Lecture10 notes - Mutation and DNA Repair Different classes and informational consequences of mutation DNA is subject to damage and errors in

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Lecture 10: DNA damage, mutation, repair 1 Mutation and DNA Repair Different classes and informational consequences of mutation DNA is subject to damage and errors in replication Cells have evolved elaborate mechanisms to repair DNA damage Direct repair glycosylase and AP nuclease mismatch repair excision repair SOS response and translesion synthesis by "error prone" DNA polymerases
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Lecture 10: DNA damage, mutation, repair 2 Mutation is the heritable alteration of information in DNA. Repair processes act to preserve information. DNA is a chemical --> chemical damage causes informational loss Repair processes repair the chemical damage and restore information.
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Lecture 10: DNA damage, mutation, repair 3 There are different kinds of mutations and both chemical and informational consequences: Chemical consequences of the mutation on the DNA sequence itself . 1. Transition : Change from one purine (or pyrimidine) to the other purine (or pyrimidine). Examples: G to A, A to G, C to T, T to C. 2. Transversion : Change from a purine to a pyrimidine. Examples: C to A, C to G, T to A, T to G. 3. Insertion : Adding one or more bases at a particular place. Example: AAGGCTT to AAGGTTT CTT. 4. Deletion : Removing one or more bases at a particular place. Example: CCGG TGCACA to CCGTGCACA. 5. Reversion : Mutation back to the original wild type DNA sequence. Example (from above) CCGTGCACA back to CCGG TGCACA.
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Lecture 10: DNA damage, mutation, repair 4 Looking at the frequency of reversion of histidine-requiring ( his - ) mutants of Salmonella back to wild type histidine independence ( his + ) is used to measure mutagenicity in the “Ames” test.
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Lecture 10: DNA damage, mutation, repair 5 Informational consequences of the mutation. A "wild type” sentence: I took my car in to get it fixed today. 1. Missense : alters meaning. Example: I took my cat in to get it fixed today. 2. Nonsense : creates a stop signal. Example: I took my ca. 3. Frame Shift : misaligned reading. Example: It ookm yc ari nt og eti tf ixedt oda y. 4. Polar effects : Occur when an alteration affects the reading of nearby information. Example: I took my cat in to get it fixed today. It had a flat. 5. Silent : doesn't alter the meaning. Example: I took me car in to get it fixed today. 6. Insertion : Adding information: I took my cat in my car to get it fixed today. 7. Deletion : Losing information: I took my car_. 8. Suppressor : A second mutation that allows the first mutation to be understood. Example: I took my cat in to get it fixed today. It's a '71 Cougar . Da Cat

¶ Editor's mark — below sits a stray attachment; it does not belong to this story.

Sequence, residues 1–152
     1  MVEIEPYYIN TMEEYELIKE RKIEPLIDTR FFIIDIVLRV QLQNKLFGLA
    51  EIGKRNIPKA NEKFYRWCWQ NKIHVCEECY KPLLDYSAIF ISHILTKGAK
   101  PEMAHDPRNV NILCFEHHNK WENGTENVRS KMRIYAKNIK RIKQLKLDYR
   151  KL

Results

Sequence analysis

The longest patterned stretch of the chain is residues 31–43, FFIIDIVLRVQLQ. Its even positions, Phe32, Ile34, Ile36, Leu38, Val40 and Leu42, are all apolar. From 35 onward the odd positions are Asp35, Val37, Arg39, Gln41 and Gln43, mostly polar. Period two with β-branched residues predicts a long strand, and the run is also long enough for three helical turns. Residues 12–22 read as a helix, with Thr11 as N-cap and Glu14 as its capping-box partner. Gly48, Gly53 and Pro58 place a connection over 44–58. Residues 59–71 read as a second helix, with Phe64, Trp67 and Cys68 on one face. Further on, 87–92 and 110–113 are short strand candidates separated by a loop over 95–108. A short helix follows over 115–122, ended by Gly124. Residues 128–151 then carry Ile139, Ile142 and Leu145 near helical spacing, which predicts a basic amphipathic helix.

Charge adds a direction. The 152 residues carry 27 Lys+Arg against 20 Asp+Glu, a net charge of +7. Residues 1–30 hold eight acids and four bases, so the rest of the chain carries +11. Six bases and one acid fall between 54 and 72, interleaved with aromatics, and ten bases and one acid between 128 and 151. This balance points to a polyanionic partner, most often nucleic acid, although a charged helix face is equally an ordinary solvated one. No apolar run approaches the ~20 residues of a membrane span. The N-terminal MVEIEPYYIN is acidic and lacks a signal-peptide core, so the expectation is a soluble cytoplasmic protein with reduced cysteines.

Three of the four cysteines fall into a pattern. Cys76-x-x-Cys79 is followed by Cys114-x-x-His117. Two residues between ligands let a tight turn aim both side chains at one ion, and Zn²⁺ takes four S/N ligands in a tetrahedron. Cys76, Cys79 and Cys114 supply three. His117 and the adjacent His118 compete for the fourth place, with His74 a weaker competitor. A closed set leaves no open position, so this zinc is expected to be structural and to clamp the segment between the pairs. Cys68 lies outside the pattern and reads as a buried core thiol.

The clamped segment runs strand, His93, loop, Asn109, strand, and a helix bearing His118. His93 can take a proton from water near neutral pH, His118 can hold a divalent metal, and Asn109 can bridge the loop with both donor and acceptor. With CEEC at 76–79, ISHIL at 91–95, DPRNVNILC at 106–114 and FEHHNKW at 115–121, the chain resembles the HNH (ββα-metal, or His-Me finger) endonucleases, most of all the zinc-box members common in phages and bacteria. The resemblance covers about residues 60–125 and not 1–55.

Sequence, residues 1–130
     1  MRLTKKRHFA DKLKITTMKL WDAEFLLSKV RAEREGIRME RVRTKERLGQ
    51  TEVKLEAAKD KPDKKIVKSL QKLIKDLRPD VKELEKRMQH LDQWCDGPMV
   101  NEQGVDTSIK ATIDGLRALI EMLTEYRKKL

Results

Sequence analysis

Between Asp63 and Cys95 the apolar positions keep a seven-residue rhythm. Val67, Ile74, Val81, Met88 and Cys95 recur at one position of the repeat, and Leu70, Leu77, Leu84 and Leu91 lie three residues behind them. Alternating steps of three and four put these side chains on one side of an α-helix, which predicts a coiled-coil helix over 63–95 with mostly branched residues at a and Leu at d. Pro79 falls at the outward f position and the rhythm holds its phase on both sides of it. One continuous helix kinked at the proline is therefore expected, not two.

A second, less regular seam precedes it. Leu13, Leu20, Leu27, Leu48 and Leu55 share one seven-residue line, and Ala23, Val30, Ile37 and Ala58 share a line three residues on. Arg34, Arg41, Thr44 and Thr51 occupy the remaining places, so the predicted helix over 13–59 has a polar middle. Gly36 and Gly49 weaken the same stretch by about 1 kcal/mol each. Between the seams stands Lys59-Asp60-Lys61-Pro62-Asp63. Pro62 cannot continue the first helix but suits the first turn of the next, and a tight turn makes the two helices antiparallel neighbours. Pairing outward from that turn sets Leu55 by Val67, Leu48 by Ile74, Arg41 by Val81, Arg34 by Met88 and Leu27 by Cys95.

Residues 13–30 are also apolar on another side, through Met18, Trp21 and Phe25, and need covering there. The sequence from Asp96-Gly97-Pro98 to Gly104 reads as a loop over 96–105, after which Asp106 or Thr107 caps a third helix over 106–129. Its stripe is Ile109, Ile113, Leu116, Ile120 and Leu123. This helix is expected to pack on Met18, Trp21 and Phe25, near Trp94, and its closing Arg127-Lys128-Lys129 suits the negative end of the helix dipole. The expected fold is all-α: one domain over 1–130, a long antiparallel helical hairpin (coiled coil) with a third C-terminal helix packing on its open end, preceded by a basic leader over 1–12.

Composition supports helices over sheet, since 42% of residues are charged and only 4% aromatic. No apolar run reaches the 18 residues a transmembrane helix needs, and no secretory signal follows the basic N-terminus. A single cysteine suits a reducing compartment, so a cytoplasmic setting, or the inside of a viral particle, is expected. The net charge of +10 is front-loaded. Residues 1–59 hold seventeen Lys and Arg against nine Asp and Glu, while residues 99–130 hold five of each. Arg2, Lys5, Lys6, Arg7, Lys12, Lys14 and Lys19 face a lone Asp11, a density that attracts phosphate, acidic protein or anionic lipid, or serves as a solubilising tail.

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Lecture 10: DNA damage, mutation, repair 6 What creates mutations? DNA information can be lost in a number of ways •Errors in replication •Chemical damage (toxic oxygen) •Ionizing radiation •Photochemical damage •Physicochemical damage (Shearing) •Errors in repair of damaged DNA •Errors in recombination •Insertion of mobile genetic elements (Transposons)
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Lecture 10: DNA damage, mutation, repair 7 Replication errors
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This note was uploaded on 01/17/2011 for the course BIOC 100A taught by Professor Harrynoller during the Fall '10 term at University of California, Santa Cruz.

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Lecture10 notes - Mutation and DNA Repair Different classes and informational consequences of mutation DNA is subject to damage and errors in

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